How Not to Regulate the Internet
On the internet, ads giveth and ads taketh away. They're the reason you can enjoy so many services for free, and also why everything you do is so relentlessly tracked. It's an awkward duality. But for consumers, it more or less works.
Last week the Federal Communications Commission tinkered with this delicate equation. It approved new privacy rules that will require broadband providers to get permission from their subscribers before they can collect certain personal data. That sounds great. Unfortunately, it's likely to do more harm than good.
Digital advertising, as you've no doubt noticed, is booming. From 2005 to 2015, revenue from internet ads grew at a rate of 17 percent a year in the U.S., reaching nearly $60 billion. There are numerous reports about how these ads can deliver an impressive return on investment. And thanks to data collection, companies can parse consumer preferences and behavior as never before.
That's mostly a good thing. It makes businesses more efficient, productive and attentive to potential customers. More powerfully, it's the reason you can read the news, send e-mail, consult maps, store data, find information, watch videos and browse social media online without paying a dime.
The problem is that the terms of this trade-off aren't always clear to the customer. Web companies have devised cunning methods to track customers and invented elaborate euphemisms to obscure exactly what they do with all that data. Regulators tend to demand strong privacy protections but would prefer not to discuss the economic repercussions.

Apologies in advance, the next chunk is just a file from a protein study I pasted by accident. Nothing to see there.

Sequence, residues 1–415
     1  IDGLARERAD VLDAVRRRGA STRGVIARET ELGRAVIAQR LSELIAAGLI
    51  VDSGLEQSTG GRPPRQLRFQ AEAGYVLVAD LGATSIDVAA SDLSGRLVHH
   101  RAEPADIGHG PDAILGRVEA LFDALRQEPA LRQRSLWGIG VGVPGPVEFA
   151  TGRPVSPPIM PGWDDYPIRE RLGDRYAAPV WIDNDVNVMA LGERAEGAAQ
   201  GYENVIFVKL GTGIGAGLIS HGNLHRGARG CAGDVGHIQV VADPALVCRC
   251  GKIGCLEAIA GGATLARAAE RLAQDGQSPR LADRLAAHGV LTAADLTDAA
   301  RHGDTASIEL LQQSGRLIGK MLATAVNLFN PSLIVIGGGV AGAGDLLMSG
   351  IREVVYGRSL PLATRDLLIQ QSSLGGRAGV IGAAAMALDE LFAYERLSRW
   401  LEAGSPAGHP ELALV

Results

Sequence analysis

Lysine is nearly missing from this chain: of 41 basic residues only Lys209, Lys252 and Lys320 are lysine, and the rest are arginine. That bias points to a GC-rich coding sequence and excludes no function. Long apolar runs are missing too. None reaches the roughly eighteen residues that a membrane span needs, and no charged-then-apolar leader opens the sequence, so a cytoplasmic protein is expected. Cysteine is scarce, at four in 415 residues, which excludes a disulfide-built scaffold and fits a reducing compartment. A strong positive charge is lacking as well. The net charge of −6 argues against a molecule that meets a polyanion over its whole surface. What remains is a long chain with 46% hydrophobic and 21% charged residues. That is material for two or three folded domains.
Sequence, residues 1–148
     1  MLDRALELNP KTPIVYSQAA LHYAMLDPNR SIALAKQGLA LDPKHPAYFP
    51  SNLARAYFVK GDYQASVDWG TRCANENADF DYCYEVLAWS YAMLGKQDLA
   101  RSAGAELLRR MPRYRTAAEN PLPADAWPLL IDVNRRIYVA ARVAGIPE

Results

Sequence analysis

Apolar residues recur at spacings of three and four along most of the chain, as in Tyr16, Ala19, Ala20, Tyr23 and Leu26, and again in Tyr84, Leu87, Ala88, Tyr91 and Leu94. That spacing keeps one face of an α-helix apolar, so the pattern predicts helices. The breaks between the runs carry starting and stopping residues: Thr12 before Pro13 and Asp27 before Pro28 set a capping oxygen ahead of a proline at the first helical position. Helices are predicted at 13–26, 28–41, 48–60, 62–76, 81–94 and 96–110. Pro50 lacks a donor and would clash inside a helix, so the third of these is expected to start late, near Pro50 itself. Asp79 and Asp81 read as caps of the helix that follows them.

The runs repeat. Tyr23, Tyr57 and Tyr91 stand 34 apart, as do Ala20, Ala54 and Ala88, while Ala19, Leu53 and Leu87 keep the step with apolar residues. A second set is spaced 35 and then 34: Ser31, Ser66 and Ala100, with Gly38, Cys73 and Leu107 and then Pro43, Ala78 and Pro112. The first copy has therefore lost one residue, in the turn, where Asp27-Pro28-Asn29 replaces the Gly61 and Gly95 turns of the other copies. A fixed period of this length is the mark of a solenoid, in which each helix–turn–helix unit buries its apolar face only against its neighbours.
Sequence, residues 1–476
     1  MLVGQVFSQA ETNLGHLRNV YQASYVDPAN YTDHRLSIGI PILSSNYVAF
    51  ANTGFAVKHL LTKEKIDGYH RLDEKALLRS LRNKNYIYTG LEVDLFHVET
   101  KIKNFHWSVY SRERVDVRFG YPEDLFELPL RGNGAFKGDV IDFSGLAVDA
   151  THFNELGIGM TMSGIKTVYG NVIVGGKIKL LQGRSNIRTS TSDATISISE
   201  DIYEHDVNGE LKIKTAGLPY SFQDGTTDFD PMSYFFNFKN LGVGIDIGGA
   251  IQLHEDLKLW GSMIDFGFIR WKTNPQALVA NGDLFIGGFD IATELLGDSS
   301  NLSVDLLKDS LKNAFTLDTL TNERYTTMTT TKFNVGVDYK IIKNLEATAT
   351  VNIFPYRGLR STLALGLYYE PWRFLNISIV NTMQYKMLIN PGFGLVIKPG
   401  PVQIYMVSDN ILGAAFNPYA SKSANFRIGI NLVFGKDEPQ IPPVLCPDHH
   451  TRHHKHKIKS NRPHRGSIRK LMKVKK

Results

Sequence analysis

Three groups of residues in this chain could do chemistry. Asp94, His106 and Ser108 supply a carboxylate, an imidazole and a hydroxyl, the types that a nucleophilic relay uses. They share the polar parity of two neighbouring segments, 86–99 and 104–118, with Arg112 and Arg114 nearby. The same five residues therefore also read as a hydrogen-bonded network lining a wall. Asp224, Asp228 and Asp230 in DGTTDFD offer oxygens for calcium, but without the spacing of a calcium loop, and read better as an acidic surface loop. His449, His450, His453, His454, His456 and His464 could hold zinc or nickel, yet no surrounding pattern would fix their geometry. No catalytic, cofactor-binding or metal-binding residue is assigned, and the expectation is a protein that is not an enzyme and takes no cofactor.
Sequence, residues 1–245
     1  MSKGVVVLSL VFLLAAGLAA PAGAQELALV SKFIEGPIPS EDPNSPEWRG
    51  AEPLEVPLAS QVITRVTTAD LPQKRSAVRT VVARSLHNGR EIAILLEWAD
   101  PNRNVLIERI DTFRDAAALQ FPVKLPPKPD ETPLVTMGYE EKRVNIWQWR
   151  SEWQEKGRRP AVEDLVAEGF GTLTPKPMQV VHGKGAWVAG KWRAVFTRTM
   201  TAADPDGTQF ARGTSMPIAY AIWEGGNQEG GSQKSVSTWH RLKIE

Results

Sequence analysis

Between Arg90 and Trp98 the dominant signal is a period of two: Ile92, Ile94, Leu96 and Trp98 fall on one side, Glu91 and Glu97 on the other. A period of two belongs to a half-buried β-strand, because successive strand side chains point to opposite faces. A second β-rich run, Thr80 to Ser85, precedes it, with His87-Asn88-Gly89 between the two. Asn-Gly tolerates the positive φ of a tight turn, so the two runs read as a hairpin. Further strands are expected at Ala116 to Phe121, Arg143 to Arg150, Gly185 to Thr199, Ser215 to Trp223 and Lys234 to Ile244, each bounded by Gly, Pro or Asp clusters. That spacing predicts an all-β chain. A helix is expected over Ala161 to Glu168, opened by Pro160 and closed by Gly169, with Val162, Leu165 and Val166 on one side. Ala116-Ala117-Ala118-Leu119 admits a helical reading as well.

As a result, internet users have been habituated to think that they have an inherent right to free stuff and to privacy. Alas, they don't.
The FCC's approach won't improve this situation. For one thing, the most avid collectors of data, such as Google and Facebook, aren't under the FCC's purview and thus can still swoop up as much personal information as they like. For another, broadband providers can still get information about their customers to serve ads -- by consulting data brokers, for instance. In raising transaction costs and curtailing a growing source of revenue for broadband providers, the new rules are more likely to result in higher prices than in better privacy.
Is there a better way to resolve this dilemma?
Making the trade-off more explicit would help. So-called pay-for-privacy policies, in which companies charge users more in exchange for not tracking them, is one promising approach. Opportunistic politicians have criticized such models in the past. But in putting a price on personal data, they make it easier to weigh costs and benefits. That's the right way to encourage transparency, which should be the goal for regulators.
The truth is that very few people actually want to see ads. But consumers will tolerate them, and divulge the data they require, so long as the benefits they receive in return are so splendid. Regulators should ensure that choice is an informed one -- but otherwise leave well enough alone.
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